Part 6C. Initial exploration into three investigation/negotiation/resolution processes (arbitration, conciliation, and mediation), plus a case study from Willow Creek Community Church leaders hiring Crossroads Resolution Group and the women victims refusing to play by those rules, and why.

Part 6D. Overview of key problems in misuse of these legal tools and resolution processes; some ways their impact has affected (and disaffected) survivor communities; and some resources on pastoral care, survivor recovery, and building better perspective.

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CONSIDER FOR YOURSELF: Three Views from Within the SBC on Truth-Telling and Transparency: Ronnie Floyd, The Baptist Blogger, Russell Meek. There is a huge difference between keeping in confidence that which should legally/morally/ethically remain private, versus hiding in darkness that which should legally/morally/ethically not be protected but instead exposed by bringing it into the light. It seems obvious (at least to abuse survivors, advocates, and activists) that official SBC entities have a bad track record when it comes to transparency. This reality taints the tone of dialog with survivor communities, because destructive past SBC actions lend themselves to present and future suspicion. For instance:

  • Why have documents about Cooperative Program plans been sealed?
  • Why were reports (such as evaluating the IMB on abuse) paid for by Cooperative Program funds not been released?
  • Why should churches that clearly fail in demonstrating good-faith, “friendly cooperation” with SBC principles to Caring Well for abuse survivors NOT be called out or kicked out?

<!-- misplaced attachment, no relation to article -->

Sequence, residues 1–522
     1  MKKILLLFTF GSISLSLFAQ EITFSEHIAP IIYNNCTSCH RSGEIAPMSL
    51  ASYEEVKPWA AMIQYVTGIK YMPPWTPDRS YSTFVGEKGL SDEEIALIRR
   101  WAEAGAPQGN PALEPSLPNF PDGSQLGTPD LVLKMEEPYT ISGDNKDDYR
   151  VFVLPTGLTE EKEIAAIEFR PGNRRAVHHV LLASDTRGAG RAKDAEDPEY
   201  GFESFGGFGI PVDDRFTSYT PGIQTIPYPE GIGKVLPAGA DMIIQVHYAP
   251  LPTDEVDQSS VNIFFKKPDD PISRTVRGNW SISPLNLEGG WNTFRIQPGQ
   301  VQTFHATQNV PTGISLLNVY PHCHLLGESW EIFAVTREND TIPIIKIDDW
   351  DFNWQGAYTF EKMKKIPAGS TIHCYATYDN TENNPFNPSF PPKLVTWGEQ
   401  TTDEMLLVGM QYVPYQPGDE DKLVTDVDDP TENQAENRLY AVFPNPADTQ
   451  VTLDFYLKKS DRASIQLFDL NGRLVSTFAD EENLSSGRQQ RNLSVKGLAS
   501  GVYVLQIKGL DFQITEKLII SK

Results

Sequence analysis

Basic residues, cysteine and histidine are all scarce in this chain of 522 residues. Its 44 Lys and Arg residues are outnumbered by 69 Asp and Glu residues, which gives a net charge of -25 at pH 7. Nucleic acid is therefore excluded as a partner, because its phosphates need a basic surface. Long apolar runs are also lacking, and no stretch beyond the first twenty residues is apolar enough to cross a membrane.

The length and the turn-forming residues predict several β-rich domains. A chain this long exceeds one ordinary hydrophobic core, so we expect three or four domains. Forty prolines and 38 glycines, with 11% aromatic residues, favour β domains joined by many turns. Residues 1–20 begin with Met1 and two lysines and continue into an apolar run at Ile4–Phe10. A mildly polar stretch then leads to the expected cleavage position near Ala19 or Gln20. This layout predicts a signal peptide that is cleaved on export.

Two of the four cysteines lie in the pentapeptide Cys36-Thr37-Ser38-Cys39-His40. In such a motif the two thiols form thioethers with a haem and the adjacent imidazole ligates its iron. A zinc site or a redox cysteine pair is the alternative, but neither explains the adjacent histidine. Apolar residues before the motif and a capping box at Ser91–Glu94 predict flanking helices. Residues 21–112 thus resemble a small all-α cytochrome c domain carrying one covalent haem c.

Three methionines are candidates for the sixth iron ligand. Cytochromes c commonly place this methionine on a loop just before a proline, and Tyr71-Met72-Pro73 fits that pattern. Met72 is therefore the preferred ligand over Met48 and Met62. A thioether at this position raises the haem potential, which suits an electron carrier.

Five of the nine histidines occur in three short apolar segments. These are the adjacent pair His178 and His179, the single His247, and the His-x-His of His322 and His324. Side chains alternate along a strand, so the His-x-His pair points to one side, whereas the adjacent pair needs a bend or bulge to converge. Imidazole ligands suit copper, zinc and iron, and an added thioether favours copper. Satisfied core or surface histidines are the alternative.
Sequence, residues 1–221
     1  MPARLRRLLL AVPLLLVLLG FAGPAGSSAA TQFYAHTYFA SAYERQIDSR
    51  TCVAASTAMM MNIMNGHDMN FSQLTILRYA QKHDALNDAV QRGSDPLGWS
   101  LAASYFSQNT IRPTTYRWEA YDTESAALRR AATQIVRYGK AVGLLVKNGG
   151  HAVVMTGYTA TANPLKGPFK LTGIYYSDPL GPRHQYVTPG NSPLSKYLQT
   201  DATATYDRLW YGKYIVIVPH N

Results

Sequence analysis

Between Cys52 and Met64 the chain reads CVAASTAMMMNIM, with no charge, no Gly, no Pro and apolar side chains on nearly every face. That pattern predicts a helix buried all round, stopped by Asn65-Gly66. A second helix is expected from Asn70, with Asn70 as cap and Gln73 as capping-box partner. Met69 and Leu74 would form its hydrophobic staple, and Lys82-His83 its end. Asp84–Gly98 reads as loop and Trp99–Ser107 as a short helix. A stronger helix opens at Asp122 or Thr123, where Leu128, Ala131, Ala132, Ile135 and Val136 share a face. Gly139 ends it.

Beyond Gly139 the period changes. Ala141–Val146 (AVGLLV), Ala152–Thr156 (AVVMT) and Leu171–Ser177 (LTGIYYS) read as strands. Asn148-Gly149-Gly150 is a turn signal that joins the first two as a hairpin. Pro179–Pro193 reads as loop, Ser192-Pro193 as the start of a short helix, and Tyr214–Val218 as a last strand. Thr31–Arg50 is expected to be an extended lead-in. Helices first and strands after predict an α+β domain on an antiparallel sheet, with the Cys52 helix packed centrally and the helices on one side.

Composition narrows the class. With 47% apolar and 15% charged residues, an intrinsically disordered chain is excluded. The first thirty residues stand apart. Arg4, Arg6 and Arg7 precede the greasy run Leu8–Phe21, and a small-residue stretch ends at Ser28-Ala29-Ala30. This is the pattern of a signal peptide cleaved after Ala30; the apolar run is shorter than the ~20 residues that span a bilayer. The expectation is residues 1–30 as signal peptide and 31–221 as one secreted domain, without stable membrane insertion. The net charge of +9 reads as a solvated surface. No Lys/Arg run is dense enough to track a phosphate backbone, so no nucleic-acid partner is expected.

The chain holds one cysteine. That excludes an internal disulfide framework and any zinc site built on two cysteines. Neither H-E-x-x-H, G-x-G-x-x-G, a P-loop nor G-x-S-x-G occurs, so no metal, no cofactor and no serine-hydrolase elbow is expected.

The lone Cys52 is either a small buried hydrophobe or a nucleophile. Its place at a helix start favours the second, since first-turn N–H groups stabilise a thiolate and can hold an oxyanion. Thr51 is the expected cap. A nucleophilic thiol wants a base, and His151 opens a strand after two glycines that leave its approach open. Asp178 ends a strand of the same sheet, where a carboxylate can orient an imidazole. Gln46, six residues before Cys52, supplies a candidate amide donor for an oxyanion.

• Are calls for staying out of social media actually meant to protect in secrecy problems that should be exposed in the light?

In late January 2020, these kinds of intertwined issues of transparency and secrecy, truth-telling and silencing, came up in a series of blog posts and Twitter threads. Consider for yourself how these relate to the SBC’s significantly low level of trustworthiness among abuse survivors overall.

Ronnie Floyd. Guest Opinion Piece: FIRST-PERSON: There has to be a better way (January 21, 2020; Baptist Press). Related initial post on Twitter and expanded thread next day.

The Baptist Blogger. Blog Article: Cut the crybaby crap (January 21, 2020; The Baptist Blogger). Related Twitter thread.

Russell Meek. Website Article: Why Social Media Is a Last Resort for Survivors of Clergy Abuse (January 9, 2020; Sojourners). Related Twitter thread.

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Reference Links

1. Stage 1: Repair – Sustaining Hope and Help.

2. Stage 2: Renovate – Hope is on the Line.

3. Stage 3. Reclaim – Hope in Definite Jeopardy.

4. Stage 4. Raze – When Hope Fades or Fails.

5. Introduction to Contrasting Case Studies in Doing Organizational Repairs Wisely or Poorly.

6. Contrasting Cases: Independent versus Internal Investigation.

7. Contrasting Cases: Genuine Apologies Versus Deflections.

8. Contrasting Cases: Transparency Versus Secrecy.

9. Contrasting Cases: System-Wide Repairs Versus No Substantive Repairs.